• Actions by impression time – this report shows you the number of conversions (how many users have liked the page or used the application). These conversions are organized by the impression time of the Facebook ad a conversion is attributed to, categorized by the length of time between a user’s view or click on the ad and the conversion (i.e., 0-24 hours, 1-7 days, and 8-28 days).
  • Inline interactions – this report is very useful when you want to understand the engagement of the users, who have seen the ad, with your page or application. It includes statistics like impressions, clicks, and detailed inline actions such as photo views and video plays.

You should use the first two types of reports (Advertising performance and Responder Demographics) all the time. The last two (Actions by impression time and Inline interactions) are useful only on certain occasions, i.e. when you need the information from them to establish if the goals of your campaign were met.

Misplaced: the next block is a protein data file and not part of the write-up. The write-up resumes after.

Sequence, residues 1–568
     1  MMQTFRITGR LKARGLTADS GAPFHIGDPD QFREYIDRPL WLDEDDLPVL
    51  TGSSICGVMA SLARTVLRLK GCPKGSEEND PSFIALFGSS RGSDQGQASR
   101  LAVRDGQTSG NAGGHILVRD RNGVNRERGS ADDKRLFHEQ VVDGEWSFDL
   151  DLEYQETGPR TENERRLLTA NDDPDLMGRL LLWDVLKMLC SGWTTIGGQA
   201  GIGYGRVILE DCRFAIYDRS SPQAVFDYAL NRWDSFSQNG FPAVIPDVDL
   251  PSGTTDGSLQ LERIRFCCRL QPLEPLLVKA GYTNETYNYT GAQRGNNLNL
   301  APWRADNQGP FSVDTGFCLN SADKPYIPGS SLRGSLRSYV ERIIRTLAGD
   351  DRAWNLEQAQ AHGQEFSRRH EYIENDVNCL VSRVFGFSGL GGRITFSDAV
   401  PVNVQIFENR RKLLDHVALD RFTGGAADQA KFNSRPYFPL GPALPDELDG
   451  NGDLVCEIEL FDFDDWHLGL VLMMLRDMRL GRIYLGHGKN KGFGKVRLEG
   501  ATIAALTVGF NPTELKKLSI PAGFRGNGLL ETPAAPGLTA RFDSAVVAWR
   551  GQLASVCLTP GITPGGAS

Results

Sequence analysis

Tip 4: Quality is better than quantity

Well, this is true in most cases, of course. Here we’re talking about the quality of your audience. So take your time when targeting your campaign, and when monitoring the users who’ve interacted with your ad. A good strategy that you can use, is to put different ads to small targeted groups (same ad to different users) to see the effect of them. Let the ads run for a day or two and then look their CTRs. Find the group that performed best (with the largest CTR) and recreate your campaign only for this group. You can use another strategy when you are certain about your target group but you don’t know what will work for it. Then you can experiment with a variety of ads for the same audience – with different pictures and bodies, and run the actual campaign with the best performing one, i.e. the one that people tended to respond more positively and frequently to. On a regular basis you need to monitor what works, and what doesn’t work for your audience – try different types of ads and sponsored stories to get a better understanding of this.